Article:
When putting out camera traps, I carry a backpack full of photographic equipment, yet I don't usually bring my good camera with me, because often my guide and I cross water on foot or end up floating down Payamino River for 3 km. Unusually, yesterday I had a motorised canoe at my disposal, because I was filling the points of my camtrap grid furthest from camp, and it would have taken me more than one very gruelling day to get them out otherwise. The motorised canoes are wide and strong, and through most things still get wet in them, I'd be comfortable to carry my camera in a dry bag in these boats, as there'd be no need for my camera to be submerged. Unfortunately, I wasn't expecting my guide to turn up until today and so got ready in a fluster yesterday, forgetting my camera.
Yesterday whilst camera trapping the biggest group of squirrel monkeys I have ever seen was jumping around the canopy above us, some with offspring clinging to them. We don't often see squirrel monkeys, and in fact most people in camp have only seen habituated ones in zoos, on the Napo pier of Coca, or in other regions. But putting out the camera traps usually involves going where other people don't often, so I've seen groups a couple of times.
Later on, something heavy dropped from a tree just as I walked past. There was a lot of clambering going on in the tree. After circling it I caught a glimpse of a long, dark, bushy tail. At first I thought it must be a big monkey of some sort – howler, maybe? It was panicking at the fact we were lingering there, so was running along branches, tree to tree. My guide said it was eating another animal, it was carrying something around. He shouted at it and chased it from the ground until it leaped out of the tree and darted off. Then we saw the whole body and realised it was a tayra (well, my guide claimed it was a tigrillo, which technically means ocelot in Spanish, but I've come to realise it's what the local Kichwa call just about every small- to medium-sized mammalian carnivore). It wasn't eating something, it had an infant clinging to it, which it left perched on a very thin tree as it darted off through the forest. The tiny tayra just hung there quietly and looked at us, following us with its gaze till we were gone. Hopefully the mother will have gone back to rescue it.
After positioning the last camera, we clambered back through the chaotic understory of secondary forest to the canoe. The motorist had left his very young assistant there and was upriver a little at his father's finca. We went up to meet him there, where a newly-carved canoe had been mounted on a series of logs at the edge of the vertical bank. The new canoe was warm and covered in black soot, and beneath it and the logs upon which it was mounted wash a large bed of still smoking ash. Before their first voyage, canoes are burnt to finish the wood and "make them float better"; I presume the man I asked was referring to how it helps retain the quality of the wood rather than suggesting it increases buoyancy.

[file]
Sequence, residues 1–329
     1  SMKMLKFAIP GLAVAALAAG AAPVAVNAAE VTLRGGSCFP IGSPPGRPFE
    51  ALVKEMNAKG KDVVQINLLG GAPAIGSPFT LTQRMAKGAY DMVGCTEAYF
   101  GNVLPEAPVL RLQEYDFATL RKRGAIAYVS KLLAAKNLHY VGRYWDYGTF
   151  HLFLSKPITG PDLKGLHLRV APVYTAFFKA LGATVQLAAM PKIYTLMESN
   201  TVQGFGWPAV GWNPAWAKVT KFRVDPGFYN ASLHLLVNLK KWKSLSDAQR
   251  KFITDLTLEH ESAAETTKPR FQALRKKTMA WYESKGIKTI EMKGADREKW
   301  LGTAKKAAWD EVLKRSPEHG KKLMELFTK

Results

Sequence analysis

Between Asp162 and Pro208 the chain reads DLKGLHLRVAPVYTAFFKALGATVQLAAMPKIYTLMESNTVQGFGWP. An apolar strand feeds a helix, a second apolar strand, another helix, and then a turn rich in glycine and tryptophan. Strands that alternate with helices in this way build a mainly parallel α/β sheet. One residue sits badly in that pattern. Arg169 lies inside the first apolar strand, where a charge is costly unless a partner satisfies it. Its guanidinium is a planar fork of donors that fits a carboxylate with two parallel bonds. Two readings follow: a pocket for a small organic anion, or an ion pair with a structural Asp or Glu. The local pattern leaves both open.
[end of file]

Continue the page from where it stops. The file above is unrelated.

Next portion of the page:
In Payamino there are two types of canoe, punting ones and motorised ones. There are three large motorised canoes, driven by qualified community members who receive a small salary from the government to take people up and down river. However, most families have at least one small punt of their own, which they push up and down river with long sturdy sticks, rather than paddles. A bit like the gondolas of Venice.
From its size, the new canoe was obviously destined to hold a motor – plus, the large space at the back of it was dead giveaway. After much pushing and heaving and pulling on ropes, the canoe was in the water and everybody involved was covered in soot. It was a nice experience. I did feel rude for politely turning down the shot of "25" (practically pure alcohol) I was offered for helping.
I returned to the station stained up to my waist in mud (from getting stuck and falling over whilst camera trapping) and up to my face in soot. And photoless, despite the great things I saw. However, sometimes it is good to step back from the lens and appreciate a scene or an occasion for what it is, rather than becoming preoccupied with immortalising it in a few shots.